Tuesday, April 21, 2009

Something Deep

I feel like I should post about something deep. But nothing is coming to mind (my hair is deep blue now; does that count?)  David at this point will throw in a bawdy comment, but I'll ignore that.

The kids and I are on a two-week school break and I am trying to get everything done that I've neglected for the two previous months but instead am just digging myself in deeper (there, something deep is mentioned again!) to the black-hole known as my 'to-do' list.

That could be something deep to talk about... why Americans are so caught up in productivity, getting things done, racing from place to place as quickly as possible so they can have more, do more, be more, probably from an innate desire to find meaning in life when they really believe themselves to be nothing more than random acts of chance... while merely perpetuating the cycle of meaninglessness and producing some decent cups of coffee (there's something to be said for that, now that I think about it.)  But I just don't feel much like analyzing and criticizing tonight, so I'll ignore that train of thought. Besides, it would be hypocritical of me, considering how many years I've worshiped the gods of productivity and efficiency. How much time I've wasted, accomplishing rather than enjoying! Rushing instead of appreciating!  Blogging instead of cleaning!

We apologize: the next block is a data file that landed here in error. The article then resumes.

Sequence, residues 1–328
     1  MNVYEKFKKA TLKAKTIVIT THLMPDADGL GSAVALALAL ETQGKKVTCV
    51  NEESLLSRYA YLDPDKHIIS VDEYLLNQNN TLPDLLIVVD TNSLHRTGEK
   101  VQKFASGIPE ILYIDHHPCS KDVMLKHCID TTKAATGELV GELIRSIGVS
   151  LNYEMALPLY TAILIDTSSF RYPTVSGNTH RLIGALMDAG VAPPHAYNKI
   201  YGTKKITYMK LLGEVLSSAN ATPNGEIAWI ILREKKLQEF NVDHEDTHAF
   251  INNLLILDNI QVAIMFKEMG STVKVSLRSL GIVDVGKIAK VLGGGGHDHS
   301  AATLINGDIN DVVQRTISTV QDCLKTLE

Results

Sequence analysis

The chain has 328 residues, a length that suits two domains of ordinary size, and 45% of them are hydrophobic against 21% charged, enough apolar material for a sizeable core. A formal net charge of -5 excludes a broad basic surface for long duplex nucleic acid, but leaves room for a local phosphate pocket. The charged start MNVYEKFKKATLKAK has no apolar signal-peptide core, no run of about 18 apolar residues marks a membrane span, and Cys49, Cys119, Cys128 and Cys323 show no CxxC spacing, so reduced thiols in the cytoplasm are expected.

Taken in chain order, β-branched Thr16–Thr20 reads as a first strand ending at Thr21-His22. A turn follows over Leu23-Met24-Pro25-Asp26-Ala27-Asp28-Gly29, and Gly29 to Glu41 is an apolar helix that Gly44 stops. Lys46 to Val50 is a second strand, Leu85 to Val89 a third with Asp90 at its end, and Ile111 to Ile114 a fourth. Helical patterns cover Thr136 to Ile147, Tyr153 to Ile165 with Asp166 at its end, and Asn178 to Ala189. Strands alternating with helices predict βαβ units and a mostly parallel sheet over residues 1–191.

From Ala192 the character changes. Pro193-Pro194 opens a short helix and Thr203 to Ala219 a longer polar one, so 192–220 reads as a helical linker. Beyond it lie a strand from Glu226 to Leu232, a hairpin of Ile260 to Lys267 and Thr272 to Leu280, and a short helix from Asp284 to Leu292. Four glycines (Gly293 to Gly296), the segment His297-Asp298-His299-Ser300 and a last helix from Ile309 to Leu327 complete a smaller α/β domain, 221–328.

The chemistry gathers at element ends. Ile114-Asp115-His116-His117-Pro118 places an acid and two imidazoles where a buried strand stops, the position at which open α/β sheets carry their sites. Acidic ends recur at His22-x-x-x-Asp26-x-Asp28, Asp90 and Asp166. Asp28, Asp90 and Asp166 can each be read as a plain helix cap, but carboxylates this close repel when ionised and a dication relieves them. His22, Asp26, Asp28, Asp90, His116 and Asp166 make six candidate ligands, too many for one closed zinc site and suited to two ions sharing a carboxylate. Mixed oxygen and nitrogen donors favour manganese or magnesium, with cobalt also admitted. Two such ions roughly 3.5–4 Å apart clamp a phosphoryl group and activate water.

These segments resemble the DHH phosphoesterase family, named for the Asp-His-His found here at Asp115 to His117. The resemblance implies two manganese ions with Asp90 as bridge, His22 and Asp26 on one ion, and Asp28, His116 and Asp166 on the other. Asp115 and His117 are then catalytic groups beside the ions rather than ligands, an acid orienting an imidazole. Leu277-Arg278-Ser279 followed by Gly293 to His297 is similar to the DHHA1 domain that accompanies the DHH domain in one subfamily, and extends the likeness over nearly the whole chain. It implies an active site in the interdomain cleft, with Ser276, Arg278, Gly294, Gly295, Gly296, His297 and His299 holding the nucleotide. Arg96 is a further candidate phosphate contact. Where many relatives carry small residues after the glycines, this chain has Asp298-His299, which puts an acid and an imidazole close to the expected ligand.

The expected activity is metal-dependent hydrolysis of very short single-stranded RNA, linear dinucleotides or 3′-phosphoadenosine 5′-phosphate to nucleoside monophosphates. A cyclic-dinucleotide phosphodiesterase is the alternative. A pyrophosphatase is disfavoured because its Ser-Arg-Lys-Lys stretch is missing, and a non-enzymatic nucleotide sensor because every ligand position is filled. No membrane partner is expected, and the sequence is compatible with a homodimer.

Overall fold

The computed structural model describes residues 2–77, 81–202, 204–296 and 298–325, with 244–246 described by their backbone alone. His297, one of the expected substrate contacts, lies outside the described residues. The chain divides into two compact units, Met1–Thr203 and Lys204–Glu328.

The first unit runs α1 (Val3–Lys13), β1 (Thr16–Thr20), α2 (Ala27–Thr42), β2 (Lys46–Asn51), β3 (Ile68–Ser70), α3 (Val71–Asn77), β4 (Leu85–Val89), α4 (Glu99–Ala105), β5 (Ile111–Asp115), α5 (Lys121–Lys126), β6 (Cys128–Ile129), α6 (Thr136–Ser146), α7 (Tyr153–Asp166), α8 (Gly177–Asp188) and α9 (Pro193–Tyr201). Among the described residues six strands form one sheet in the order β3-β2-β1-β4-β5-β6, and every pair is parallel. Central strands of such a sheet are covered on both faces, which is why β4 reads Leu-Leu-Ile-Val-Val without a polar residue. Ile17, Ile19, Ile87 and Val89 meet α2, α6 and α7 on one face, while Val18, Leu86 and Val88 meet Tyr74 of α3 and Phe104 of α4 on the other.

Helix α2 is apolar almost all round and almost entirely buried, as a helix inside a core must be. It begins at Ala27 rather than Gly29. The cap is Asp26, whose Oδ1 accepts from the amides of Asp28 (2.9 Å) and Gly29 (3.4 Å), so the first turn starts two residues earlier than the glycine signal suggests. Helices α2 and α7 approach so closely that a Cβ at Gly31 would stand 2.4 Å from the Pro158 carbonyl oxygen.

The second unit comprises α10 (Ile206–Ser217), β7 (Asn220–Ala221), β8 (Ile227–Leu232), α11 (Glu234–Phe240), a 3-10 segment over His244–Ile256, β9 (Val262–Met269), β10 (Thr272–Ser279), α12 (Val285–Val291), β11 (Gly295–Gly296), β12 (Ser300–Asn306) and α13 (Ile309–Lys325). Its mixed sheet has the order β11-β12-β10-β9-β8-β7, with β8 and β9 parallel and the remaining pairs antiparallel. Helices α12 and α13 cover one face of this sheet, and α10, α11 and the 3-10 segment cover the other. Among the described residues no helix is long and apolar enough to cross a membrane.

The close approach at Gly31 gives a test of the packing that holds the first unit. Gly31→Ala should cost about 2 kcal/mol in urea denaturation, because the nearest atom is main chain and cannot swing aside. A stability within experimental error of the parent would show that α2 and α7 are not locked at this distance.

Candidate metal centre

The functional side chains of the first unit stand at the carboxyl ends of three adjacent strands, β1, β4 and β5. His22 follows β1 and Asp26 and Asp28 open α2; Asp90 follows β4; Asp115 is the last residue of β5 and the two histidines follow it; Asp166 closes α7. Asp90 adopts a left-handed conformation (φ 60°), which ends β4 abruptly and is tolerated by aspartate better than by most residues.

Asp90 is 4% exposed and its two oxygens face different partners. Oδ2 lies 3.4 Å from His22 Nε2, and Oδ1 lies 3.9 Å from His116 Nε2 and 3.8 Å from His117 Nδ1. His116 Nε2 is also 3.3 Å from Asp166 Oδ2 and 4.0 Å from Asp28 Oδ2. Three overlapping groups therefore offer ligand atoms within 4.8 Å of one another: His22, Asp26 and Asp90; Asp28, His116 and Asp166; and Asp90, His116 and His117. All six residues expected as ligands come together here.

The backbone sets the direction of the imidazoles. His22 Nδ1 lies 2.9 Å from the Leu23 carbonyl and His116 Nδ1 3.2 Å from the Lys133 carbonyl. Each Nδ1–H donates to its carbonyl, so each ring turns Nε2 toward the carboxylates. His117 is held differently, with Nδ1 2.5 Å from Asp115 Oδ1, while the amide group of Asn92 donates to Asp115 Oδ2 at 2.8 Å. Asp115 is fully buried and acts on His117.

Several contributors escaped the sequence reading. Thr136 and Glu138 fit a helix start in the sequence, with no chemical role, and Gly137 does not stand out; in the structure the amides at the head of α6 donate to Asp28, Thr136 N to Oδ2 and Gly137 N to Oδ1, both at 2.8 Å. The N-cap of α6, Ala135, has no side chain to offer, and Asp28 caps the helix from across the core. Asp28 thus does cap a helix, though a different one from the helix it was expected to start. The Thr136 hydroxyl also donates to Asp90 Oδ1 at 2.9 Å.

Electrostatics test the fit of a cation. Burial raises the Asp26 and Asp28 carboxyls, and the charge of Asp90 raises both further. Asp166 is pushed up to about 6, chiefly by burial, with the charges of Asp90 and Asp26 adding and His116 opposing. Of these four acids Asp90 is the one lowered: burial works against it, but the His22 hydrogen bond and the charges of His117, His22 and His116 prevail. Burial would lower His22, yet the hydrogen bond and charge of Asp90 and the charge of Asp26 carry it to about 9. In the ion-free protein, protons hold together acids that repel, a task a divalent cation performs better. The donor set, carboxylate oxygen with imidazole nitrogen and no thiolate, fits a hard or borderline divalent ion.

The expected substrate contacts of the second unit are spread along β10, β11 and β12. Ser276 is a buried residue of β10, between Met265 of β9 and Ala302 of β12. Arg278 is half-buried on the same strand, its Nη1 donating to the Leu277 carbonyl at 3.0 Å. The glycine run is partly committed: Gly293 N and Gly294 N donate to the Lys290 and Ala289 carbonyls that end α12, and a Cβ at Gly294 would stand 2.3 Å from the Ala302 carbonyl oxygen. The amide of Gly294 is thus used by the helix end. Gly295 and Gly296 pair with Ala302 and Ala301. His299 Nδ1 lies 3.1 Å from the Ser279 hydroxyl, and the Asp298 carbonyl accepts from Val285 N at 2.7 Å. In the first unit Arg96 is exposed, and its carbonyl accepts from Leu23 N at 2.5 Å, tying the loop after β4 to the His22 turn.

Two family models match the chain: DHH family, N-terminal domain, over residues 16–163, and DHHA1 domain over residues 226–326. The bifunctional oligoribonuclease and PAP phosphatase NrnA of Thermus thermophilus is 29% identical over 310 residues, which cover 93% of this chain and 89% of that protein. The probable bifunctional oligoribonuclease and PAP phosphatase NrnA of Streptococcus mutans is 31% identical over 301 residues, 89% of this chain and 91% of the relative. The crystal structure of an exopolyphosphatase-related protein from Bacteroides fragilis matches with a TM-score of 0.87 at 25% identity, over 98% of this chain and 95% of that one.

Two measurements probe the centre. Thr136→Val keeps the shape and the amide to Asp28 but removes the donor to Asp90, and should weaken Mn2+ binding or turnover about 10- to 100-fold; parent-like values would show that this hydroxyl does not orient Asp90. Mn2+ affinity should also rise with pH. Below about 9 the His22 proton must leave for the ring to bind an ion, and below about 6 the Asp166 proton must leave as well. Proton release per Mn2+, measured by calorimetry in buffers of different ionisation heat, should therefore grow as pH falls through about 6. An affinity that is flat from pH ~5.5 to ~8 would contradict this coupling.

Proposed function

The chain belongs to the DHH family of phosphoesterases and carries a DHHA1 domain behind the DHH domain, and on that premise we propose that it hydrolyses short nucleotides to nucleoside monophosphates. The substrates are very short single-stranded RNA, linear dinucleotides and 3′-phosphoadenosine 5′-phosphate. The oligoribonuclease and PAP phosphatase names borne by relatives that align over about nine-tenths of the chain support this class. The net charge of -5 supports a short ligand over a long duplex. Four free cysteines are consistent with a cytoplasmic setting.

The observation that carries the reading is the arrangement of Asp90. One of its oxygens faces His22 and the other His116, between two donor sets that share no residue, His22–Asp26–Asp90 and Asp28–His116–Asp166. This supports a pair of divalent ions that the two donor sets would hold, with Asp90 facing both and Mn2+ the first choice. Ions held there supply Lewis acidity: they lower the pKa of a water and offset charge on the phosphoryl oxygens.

So... nothing deep tonight. I look forward to starting school again next week.  I miss it.

Sunday, April 19, 2009

Everything my kids know, they learned from the Far Side

Stuart impressed an adult yesterday. This dad at a birthday party, while the cake was being prepared, yelled out 'Let them eat cake!'. Stuart started laughing hysterically and said, 'That's mean!' He and Malachi then went on to call for a guillotine.  The dad was flabbergasted that Stuart had caught the reference, and thoroughly impressed at how smart all those homeschooled kids are (though he didn't state that directly, I just know that's how he feels ;) I, of course, kept my mouth shut, since I knew that Stuart's awareness of the French revolution has nothing to do with intense and demanding history courses for elementary-aged kids and everything to do with his passion for the Far Side.
You've maybe seen it... Gary Larson's typical chubby, pointy-headed woman being led to the guillotine, surrounded by an angry mob, and she's yelling out: 'I said let them eat cake and ICE cream!' Stuart read this and was like, huh? Mom, what in the world is this talking about? So we had a nice little discussion about the grisly period of time known as the Terror, and being an adolescent boy, he was all over it. '50 people a day!? Oh, wow, can I build a guillotine?' Yea. If you've had an adolescent boy, you understand. They just love gore. The end result? Stuart now understands subtle party references to Marie Antoinette.